Top Foreign-Policy Takeaways From Trump’s State of the Union
What the president said—and didn’t say—about America’s place in the world.
U.S. President Donald Trump spent much of his 2019 State of the Union address to Congress on Tuesday night urging lawmakers to overcome partisan gridlock and touting the strength of the U.S. economy under his administration. But he also devoted some portions to foreign policy. Here is the rundown of what he said and, just as tellingly, what he didn’t say:
North Korea: Trump announced his long-awaited second summit with North Korean leader Kim Jong Un will be on Feb. 27 and 28 in Vietnam as he pushes forward nuclear negotiations with Pyongyang. “If I had not been elected president of the United States, we would right now in my opinion be in a major war with North Korea,” he said. “Much work remains to be done, but my relationship with Kim Jong Un is a good one.”
The U.S.-Mexico Border: Trump devoted more time in his address to border security than almost any other topic. He urged Congress to pass a bill that addresses border security and funds his long-promised wall on the U.S.-Mexico border, saying “walls save lives.” The political impasse over the wall sparked the longest government shutdown in U.S. history and stoked diplomatic tensions with Mexico. Trump confirmed he will send 3,750 additional U.S. troops to the border with Mexico to prepare for the “tremendous onslaught” of immigrants entering the country illegally. (The number of immigrants living in the United States without authorization dropped to the lowest it’s been in a decade last year.)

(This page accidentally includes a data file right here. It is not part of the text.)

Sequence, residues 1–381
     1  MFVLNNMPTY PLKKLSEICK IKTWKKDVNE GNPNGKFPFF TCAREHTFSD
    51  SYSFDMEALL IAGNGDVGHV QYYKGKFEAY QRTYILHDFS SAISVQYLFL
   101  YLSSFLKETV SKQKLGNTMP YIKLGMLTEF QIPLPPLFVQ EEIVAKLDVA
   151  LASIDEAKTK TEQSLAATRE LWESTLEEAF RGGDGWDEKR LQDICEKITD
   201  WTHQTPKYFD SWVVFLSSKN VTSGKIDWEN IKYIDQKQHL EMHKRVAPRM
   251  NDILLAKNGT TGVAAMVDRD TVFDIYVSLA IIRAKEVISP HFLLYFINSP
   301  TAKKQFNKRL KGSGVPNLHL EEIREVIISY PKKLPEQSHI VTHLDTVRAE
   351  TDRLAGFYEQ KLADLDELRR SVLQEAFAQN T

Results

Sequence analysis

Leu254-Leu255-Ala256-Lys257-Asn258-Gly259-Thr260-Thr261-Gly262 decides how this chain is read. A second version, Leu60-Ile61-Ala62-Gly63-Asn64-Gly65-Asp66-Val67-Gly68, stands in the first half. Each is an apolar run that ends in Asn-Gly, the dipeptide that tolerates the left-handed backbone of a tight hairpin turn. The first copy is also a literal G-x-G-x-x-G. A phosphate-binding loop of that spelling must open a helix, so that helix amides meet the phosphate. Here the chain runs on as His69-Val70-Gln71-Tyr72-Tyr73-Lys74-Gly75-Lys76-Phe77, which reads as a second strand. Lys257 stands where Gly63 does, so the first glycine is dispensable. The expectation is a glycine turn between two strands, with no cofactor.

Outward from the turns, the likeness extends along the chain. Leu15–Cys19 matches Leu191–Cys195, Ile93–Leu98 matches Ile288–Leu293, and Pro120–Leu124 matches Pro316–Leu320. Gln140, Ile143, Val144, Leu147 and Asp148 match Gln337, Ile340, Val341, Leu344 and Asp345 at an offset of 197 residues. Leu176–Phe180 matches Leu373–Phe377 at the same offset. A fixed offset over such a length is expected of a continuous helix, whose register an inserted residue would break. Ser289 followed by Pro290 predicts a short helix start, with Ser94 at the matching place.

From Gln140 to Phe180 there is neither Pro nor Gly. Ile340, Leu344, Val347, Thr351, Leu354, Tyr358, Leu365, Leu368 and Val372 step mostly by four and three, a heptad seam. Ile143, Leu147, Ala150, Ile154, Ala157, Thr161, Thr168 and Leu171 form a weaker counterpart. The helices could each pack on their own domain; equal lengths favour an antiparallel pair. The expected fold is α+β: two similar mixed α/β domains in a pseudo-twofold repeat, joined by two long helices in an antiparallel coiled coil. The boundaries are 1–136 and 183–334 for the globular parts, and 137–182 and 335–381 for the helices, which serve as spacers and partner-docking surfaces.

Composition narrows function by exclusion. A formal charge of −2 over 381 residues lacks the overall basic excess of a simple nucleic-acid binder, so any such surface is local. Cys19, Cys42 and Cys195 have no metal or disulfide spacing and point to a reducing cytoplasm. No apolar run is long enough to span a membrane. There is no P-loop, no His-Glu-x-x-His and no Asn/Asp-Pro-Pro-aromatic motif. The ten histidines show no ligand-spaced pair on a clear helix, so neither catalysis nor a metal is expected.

NATO: For over two years, Trump has hounded U.S. allies in NATO to spend more on defense, saying they are taking unfair advantage of the United States and even privately questioning whether the United States would stay in the alliance. In his State of the Union address, he took a more positive tone, saying the United States has secured over $100 billion in defense spending from allies. Perhaps much to the relief of nervous European allies, his mention of NATO started and ended there.